This monument belongs to a diverse group of up to 86 known or possible cairns in the former county of Renfrewshire, including some that have been destroyed by modern land use since they were recorded. The cairns cluster at between 200m and 300m above sea level, on the NE fringe of the uplands that define the southern edge of the Clyde Valley. The intensive use of the lowlands for agriculture, housing and industry, as well as the activities of archaeological researchers, have influenced the distribution pattern we see today and it seems certain that cairns would originally have been a feature of the lowlands as well as the uplands. Cairns seem to be positioned for visibility both to and from the site, tending to be located on hill tops, false crests and ridges, and are generally inter-visible. In this area, their position and significance in relation to contemporary agricultural land and settlement merits future detailed analysis.

This monument can be compared with eight other cairns that lie within a radius of 2km, and may be related to the concentrations of late Neolithic or early Bronze Age pottery found during survey work around Loch Thom and Gryfe Reservoir and the many hut circles known in the area. One researcher has proposed that some of the simpler hut circles here are of late Neolithic or early Bronze Age date. The monument can also be compared with excavated examples further afield, such as the cairn at East Green Farm, Kilmacolm, where at least two Bronze Age funerary urns were found, and that at South Mound of Houston, where the cairn covered a cist grave containing cremated human bone, a flint knife and a Bronze Age food vessel. Cairns were often long-lived foci of religious or funerary activity and have the potential to contain secondary burials. This longevity is demonstrated at South Mound of Houston, where the cairn re-used the location of a group of Neolithic pits and lay close to a probable cist cemetery. Given the many comparable sites in the area, this monument has the potential to further our understanding not just of funerary site location and practice, but also of the structure of early prehistoric society and economy.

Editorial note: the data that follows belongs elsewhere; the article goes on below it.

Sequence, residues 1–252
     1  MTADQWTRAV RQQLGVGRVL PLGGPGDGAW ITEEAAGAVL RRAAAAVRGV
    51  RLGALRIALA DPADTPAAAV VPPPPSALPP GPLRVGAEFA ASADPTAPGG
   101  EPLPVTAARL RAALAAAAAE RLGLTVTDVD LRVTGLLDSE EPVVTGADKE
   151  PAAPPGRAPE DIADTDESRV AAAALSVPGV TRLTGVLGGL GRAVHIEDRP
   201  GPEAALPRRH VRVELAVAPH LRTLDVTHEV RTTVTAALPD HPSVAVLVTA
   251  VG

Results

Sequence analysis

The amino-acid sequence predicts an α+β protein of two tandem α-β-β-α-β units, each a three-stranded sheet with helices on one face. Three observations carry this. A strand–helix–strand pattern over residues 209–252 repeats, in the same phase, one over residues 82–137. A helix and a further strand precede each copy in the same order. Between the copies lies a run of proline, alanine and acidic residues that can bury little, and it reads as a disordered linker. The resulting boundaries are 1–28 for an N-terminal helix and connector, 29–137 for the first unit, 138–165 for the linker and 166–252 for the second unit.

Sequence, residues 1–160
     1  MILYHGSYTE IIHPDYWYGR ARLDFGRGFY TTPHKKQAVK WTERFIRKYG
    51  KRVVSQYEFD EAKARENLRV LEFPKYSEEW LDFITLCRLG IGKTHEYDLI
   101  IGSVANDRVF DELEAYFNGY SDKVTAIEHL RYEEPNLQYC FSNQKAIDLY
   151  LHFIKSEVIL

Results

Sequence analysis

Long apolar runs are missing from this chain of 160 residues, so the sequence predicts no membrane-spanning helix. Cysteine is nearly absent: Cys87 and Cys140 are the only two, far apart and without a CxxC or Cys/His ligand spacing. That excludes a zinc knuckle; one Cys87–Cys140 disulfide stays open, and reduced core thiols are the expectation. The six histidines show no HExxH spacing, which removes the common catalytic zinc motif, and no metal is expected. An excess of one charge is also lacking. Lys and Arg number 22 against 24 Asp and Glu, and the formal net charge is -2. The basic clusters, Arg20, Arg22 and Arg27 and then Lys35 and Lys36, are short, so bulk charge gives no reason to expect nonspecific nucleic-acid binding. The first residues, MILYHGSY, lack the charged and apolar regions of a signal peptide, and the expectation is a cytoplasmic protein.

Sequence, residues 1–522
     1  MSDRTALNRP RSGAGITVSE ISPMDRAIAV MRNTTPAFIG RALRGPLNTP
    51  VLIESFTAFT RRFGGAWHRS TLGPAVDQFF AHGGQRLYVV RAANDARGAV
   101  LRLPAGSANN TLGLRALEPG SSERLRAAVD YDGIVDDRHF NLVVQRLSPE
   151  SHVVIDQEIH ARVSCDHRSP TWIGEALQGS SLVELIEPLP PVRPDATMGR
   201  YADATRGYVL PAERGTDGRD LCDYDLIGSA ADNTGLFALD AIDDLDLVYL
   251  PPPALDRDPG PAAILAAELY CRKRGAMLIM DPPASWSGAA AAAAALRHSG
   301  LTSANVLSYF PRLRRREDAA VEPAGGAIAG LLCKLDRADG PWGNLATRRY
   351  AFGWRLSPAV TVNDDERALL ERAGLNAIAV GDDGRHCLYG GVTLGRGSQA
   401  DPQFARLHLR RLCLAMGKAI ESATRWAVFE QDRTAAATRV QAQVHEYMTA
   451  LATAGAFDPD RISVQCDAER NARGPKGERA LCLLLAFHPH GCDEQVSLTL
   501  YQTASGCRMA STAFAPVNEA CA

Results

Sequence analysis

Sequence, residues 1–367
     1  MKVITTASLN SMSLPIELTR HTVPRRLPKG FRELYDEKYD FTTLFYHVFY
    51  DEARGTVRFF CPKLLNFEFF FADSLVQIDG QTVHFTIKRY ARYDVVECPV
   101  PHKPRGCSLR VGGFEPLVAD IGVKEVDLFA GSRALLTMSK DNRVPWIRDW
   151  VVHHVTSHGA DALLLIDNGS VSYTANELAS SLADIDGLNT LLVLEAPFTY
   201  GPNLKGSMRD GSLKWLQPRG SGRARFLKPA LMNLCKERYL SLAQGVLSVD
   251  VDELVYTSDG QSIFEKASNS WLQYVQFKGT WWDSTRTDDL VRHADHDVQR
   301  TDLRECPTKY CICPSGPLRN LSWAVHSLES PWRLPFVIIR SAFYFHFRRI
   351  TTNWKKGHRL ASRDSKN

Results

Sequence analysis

National Importance

This monument is of national importance because it has an inherent potential to make a significant addition to our understanding of the past, particularly the design and construction of burial monuments, the nature of burial practices and their significance in prehistoric and later society. Skeletal remains and artefacts from cairns can also enhance our knowledge about wider prehistoric society, how people lived, where they came from and who they had contact with. This monument is particularly valuable because it lies in a landscape where there are several other cairns and settlement sites. The loss of the monument would significantly diminish our future ability to appreciate and understand the placing of such monuments within the landscape and the meaning and importance of death and burial in prehistoric life.

Source: Historic Environment Scotland



RCAHMS record the site as NS27SE 28. The WoSAS SMR records the site as WoSASPIN 5926.


Alexander, D (ed) 1996, Prehistoric Renfrewshire; Papers in Honour of Frank Newall, Renfrewshire Local History Forum.

Newall, F 1962, 'Early open settlement in Renfrewshire', Proc Soc Antiq Scot 95 (1961-2), 159-70.

Source: Historic Environment Scotland